Please indulge me while I tell another story. This is how I discovered and became consciously aware of my personal Critic.
I mentioned earlier that I had been a balloonist. Back in the early 1990’s I was also the pilot of a hot-air airship, a sort of pressurized hot-air balloon in the shape of a blimp with a ‘car’ complete with burners to keep me aloft, and with an engine that ran a propeller behind me for forward thrust. Steering was accomplished by pulling on special ropes designed for that purpose. I had determined that I would try for the world records in distance and duration, and so set off from near our farm in South Dakota in the middle of winter. Cold air would lessen the need for propane fuel for the burners, you see, enabling me to stay aloft longer. Or so I thought.
I flew across the Missouri river (keeping over a bridge nearby just in case something went wrong – I didn’t want to land in that icy current) and over Nebraska at about 1000 feet above the ground. Suddenly, a snowstorm developed around me (which the weather folks hadn’t foreseen) and the only direction I could see was down. Never mind, I thought, I’ll just keep going. In any case, it was solid forest below me, with no obvious landing sites. But then disaster struck when my burners went out and I couldn’t get them to relight. While I still had forward motion (thanks to my engine), I no longer had any lift, and so I slowly began to fall out of the sky.
Since I was a flying bomb, with propane tanks dangling everywhere, all connected through a manifold with a series of propane hoses, it was essential that I shut down everything before hitting the ground. Ruptured lines and a spark would be an even worse disaster for me. So I calmly, but quickly, turned all the tanks off, shut down the pilot light, and then managed to steer the beast towards a hole in the woods that suddenly materialized beneath me. That forward thrust from my engines saved me by enabling me to steer.
Did I just say that I ‘calmly’ went through my emergency procedures? Well, anyone watching would say that I was calm. But my Critic, at the back of my head, was screaming bloody murder the whole way down to the ground. I was only okay because, for this emergency, I managed to ignore the ‘silent’ screams.
But my Critic was very much there, and this was the first time I really noticed it and understood what it was.
Exercise #1: Creating the 1st Circle
Sit quietly in a chair, or stand quietly with your feet planted firmly on the ground, and place your hand over your heart. Feel it beat beneath your hand.
Close your eyes.
In your mind’s eye, imagine a bubble of energy come out of your heart and slowly surround you in all directions. The bubble, or circle, is really no bigger than you are.
What does it feel like? Can you see it? What does it look like?
Feel yourself inside of your body. Notice the itch behind your left knee or the feel of your feet inside your shoes. Feel your clothes on your shoulders. Become aware of your entire self.
Now open your eyes, but keep that circle alive – be totally aware of it, and of yourself, while your eyes are open.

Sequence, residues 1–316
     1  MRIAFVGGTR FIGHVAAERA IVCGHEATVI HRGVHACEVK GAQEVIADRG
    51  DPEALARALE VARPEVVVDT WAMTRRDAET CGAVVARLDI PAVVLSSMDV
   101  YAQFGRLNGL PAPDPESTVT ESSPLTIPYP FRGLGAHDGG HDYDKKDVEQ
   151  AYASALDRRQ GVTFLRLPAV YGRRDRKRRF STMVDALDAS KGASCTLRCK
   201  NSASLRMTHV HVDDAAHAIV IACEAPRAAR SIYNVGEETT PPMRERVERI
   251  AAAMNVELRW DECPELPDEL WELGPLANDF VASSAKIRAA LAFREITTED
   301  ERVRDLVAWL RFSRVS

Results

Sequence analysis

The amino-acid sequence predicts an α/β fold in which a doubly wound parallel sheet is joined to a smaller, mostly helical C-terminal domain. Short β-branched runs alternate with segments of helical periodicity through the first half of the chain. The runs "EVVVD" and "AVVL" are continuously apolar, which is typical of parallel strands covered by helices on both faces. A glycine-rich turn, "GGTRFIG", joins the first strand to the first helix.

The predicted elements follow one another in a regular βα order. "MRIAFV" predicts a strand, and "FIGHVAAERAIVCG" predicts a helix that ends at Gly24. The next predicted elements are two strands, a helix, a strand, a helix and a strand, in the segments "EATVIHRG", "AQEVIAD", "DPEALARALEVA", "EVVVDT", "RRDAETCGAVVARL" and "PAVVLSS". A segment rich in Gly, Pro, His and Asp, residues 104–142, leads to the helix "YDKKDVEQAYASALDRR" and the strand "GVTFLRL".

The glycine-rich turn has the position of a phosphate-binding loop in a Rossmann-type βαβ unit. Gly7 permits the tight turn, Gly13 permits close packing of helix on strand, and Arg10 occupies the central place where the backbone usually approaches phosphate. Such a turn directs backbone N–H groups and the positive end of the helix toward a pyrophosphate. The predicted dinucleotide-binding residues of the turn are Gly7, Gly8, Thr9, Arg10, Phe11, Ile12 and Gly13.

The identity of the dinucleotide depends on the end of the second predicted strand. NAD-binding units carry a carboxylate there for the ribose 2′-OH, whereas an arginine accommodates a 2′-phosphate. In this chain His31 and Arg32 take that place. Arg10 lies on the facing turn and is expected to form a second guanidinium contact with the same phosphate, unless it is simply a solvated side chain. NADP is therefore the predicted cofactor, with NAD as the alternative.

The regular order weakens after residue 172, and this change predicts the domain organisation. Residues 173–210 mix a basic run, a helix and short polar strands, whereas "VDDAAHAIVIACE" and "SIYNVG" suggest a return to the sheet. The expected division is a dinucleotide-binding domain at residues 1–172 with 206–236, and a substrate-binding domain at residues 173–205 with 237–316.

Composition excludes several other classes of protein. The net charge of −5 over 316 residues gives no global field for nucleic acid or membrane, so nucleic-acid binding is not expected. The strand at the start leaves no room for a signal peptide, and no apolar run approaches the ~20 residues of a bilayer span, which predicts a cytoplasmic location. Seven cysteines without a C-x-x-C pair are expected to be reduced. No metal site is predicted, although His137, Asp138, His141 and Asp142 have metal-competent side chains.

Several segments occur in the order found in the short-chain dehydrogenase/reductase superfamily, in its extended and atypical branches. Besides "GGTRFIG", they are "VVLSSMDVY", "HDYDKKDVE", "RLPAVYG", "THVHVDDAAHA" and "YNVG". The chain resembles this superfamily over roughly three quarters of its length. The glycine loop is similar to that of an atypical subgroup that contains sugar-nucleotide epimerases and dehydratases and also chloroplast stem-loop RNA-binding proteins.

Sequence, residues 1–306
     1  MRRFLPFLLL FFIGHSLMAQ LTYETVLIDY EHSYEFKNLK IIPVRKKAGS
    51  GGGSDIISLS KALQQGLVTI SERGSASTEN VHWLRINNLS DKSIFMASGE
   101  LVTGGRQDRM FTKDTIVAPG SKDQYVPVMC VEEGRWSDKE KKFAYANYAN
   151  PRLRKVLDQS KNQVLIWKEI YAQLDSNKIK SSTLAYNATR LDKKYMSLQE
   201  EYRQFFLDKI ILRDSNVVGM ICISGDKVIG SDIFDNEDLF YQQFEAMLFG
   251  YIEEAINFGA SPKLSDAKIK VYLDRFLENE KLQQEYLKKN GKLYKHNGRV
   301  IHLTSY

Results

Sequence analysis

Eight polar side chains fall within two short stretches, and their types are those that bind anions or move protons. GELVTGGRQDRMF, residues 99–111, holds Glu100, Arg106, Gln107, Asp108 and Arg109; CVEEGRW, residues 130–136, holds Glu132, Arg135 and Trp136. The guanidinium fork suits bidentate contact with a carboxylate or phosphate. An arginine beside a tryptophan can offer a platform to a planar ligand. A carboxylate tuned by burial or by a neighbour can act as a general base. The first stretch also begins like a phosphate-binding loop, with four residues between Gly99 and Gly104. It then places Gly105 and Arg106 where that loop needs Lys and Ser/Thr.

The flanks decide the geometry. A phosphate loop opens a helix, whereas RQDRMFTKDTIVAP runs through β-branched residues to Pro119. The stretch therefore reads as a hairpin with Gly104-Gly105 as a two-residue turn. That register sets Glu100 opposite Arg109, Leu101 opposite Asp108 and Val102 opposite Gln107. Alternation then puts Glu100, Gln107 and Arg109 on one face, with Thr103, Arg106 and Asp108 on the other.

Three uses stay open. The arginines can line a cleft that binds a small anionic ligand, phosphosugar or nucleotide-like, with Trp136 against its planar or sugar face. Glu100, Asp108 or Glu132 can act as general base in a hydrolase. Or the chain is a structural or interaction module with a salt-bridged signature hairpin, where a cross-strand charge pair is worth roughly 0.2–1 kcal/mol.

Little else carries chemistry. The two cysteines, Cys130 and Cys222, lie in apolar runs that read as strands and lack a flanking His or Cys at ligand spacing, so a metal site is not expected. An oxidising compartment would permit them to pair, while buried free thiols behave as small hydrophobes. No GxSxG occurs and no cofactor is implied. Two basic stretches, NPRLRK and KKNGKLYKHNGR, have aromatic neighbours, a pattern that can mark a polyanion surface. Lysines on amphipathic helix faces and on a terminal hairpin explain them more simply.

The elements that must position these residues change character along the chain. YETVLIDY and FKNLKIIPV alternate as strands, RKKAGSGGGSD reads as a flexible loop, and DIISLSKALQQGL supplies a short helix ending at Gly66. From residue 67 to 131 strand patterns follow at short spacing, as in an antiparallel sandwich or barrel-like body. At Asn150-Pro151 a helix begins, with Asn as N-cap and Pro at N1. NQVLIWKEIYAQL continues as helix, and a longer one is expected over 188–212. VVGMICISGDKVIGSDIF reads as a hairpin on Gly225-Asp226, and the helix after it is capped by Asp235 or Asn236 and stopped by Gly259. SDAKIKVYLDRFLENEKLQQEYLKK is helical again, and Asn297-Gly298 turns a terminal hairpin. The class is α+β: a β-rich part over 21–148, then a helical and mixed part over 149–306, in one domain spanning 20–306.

Now relax and release your circle. Repeat this exercise a few times until you are sure you have the hang of it.
2nd Circle – The Connection
The 2nd Circle or bubble is all about you and the relationship you will have with the other ritualists in the rite with you. In addition to having a circle that surrounds yourself, you will also need one that surrounds you and your ritual partners. This is because you will occasionally need to relate to them directly, particularly in lore plays, as well as keep track of where they are in relation to you at all times. It really looks dumb when ritualists collide or step on each other’s feet, knock over the Well, or accidentally knock ritual offerings out of each other’s hands, etc.
In lore plays the people enacting the myth will need to relate to each other like actors on a stage, living in the moment, with clear focus on each other.
I call this circle The Connection because it is all about connecting with those closest to you in a rite, theatrically speaking. I mean those people you depend upon in order for the rest of the rite to go well.
Now let me be clear that it is necessary for the ritualist to create both of these circles simultaneously, and keep them both going for the entire rite. This takes practice, and while it may seem difficult and tiring at first, in time it will become easy and second nature. Remember, practice makes perfect!
Exercise #2: Connecting With Your Partner – the 2nd Circle
Stand facing your partner, and each of you place the palm of your hand on the other person’s heart.
a. Breathe together, coming into sync with each other.
b. Feel the other person’s heartbeat.
c. Place your other hand on top of your partner’s hand on your heart.
Now close your eyes and create your 1st Circle. See it as a bubble only surrounding you, and nothing else. Make it strong and firm.
Then when you are ready,
a. Create a second circle or bubble out from your heart and have it completely enclose both of you (including your 1st Circle bubble).
b. When this new circle is strong and firm, open your eyes and drop your hands.
Is your 1st Circle still going strong? Are you still aware of your feet in your shoes, and the feel of your clothes on your shoulders?
Is your 2nd Circle still enclosing both of you? Is your connection to the other person still there?